“Animals” is followed by the bustling “Bite My Tongue”. The languid style of the song combined with a driving beat and the often tongue in cheek lyrical content makes this a fun song for the listener, in as much as it must be fun for Phil Campbell And The Bastard Sons to play. It’s another straight-ahead rocker with a chorus that is almost impossible to forget once committed to memory. Although equipped with a few choice profanities, the overall commercial appeal cannot be overlooked. “Bite My Tongue” has more in common with a Three Days Grace song than it does some of the aforementioned comparisons. It’s of a beneficial nature however, and only further proves the ease with which the band is capable of embracing a variety of styles in defining their sound in general.
Next up is “Desert Song”. The second longest track on the album marks the midway point with a haunting and meandering song that deviates from the typical song structure found so far. Opting for a refrain rather than a traditional chorus and weaving a tapestry upon which Starr is able to tell a tale of desperation and apparent self-loathing, compounded by the acceptance of the negative opinions of another. “You don’t have to hate me,” Starr sings, “I already hate myself. Don’t you know shit sticks when you throw enough?”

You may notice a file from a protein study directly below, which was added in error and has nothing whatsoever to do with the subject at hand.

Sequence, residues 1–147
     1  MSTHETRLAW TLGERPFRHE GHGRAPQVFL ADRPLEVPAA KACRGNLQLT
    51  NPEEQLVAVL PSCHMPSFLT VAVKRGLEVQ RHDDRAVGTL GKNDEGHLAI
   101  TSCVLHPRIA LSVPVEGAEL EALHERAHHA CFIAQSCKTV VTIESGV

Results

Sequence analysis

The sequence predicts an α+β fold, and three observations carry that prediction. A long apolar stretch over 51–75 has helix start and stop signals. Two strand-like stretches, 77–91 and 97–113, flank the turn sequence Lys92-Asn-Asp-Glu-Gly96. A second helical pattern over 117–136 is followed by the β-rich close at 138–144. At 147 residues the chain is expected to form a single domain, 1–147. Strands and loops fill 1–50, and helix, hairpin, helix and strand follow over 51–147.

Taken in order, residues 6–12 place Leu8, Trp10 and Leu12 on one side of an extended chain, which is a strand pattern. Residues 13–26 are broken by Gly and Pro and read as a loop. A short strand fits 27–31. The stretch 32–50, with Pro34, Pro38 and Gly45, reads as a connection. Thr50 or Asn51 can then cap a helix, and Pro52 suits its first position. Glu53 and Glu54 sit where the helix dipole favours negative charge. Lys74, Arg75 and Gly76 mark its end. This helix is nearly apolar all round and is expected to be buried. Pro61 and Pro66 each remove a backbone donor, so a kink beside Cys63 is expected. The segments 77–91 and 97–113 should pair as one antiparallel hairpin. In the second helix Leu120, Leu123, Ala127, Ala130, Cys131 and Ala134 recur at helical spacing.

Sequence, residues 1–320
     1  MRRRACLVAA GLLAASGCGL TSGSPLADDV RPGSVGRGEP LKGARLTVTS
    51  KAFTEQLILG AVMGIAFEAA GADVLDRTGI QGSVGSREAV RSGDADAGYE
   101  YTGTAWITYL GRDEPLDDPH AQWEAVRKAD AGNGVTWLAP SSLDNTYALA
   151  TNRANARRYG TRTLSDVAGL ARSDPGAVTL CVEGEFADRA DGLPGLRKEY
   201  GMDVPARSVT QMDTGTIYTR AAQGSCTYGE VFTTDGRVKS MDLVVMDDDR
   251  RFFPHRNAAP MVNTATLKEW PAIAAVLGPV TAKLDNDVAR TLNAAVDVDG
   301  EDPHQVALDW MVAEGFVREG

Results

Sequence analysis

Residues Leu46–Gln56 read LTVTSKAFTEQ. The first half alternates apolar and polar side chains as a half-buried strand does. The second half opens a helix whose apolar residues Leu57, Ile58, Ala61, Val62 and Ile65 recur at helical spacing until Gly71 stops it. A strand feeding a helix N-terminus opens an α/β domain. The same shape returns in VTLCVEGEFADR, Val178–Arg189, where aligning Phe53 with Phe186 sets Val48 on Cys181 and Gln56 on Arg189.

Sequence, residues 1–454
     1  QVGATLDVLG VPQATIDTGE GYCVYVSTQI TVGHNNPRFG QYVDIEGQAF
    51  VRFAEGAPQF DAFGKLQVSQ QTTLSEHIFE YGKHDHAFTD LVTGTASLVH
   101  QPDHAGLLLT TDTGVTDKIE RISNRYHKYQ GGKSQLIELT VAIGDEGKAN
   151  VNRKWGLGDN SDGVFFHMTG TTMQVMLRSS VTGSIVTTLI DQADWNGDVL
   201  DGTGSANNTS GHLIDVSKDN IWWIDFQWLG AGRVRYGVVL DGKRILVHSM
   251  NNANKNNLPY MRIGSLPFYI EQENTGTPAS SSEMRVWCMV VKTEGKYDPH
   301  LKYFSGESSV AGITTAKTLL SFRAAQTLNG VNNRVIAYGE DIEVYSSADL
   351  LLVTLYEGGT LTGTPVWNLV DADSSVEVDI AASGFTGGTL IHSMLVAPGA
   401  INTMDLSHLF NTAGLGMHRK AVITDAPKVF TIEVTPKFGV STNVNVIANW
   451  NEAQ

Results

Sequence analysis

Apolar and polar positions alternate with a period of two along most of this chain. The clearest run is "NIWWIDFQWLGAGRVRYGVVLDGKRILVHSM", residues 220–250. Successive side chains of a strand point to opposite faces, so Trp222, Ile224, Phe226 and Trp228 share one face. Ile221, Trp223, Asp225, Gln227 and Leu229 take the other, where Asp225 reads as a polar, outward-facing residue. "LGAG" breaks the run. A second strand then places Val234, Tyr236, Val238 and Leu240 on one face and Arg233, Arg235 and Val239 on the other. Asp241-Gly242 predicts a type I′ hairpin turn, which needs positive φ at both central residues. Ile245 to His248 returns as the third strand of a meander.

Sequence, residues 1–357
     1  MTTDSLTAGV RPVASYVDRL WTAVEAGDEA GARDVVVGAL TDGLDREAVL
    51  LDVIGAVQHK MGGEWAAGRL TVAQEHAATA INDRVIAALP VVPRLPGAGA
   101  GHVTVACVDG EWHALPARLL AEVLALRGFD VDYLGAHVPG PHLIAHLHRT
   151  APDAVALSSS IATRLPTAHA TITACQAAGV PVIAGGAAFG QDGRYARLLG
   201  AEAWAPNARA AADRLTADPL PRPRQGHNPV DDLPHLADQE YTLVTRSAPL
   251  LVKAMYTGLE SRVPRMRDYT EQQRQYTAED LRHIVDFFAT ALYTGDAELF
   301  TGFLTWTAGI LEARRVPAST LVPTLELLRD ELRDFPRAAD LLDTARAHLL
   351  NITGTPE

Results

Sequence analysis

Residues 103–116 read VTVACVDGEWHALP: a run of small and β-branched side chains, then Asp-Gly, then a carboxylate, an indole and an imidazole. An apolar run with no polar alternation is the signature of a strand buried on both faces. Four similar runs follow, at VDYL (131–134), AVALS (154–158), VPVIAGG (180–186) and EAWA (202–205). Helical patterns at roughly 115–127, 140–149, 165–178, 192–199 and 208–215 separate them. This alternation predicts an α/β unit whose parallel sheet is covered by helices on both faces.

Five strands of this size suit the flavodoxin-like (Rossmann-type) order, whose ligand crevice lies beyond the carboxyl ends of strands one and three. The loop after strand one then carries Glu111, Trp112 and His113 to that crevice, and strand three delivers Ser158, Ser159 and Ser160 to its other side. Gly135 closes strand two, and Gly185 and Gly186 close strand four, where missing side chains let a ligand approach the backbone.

It’s an aptly named song, from the bluesy acoustic and harmonica that starts and ends the song, to the ethereal effects on the vocals, one can easily imagine a desert scene complete with tumbling tumbleweeds. It lends the listener to wonder… what is he doing in the desert? Did he go there to prove someone correct, or to erase a mistake? Will he ever return? This unsettled disposition seems to permeate the scene as the band guides the listener into the desolate terrain. In the end, it seems to be that the quest for salvation is tantamount to the desperation of loss or failure. This is a strong song that sees the band at their most laid back in comparison to the rest of the record thus far.
Things gear back up with “Keep Your Jacket On” as Phil Campbell And The Bastard Sons return to the rock action. Another driving number that sees the band resume their usual form. This is the sound that is emerging as familiar throughout their releases. Equally combining elements of Campbell’s previous resume with the fresh new era sound of The Bastard Sons. It’s a boisterous and rowdy celebration of raunch and roll, and it does it well.
“Lie To Me” fades in to reveal a grueling, pounding and grinding song that sees Starr asking for deception in preference over the reality of the situation. As the song bludgeons on it tells of an erstwhile existence made much easier to tolerate by avoiding the truth. The most interesting part of the song comes during the pre-chorus when Starr sings “Mirror, mirror, tell me who’s the winner…”. It’s a bit unusual but it adds to the song dynamically, offering a bit of a change up to the straight forward thickness of the song.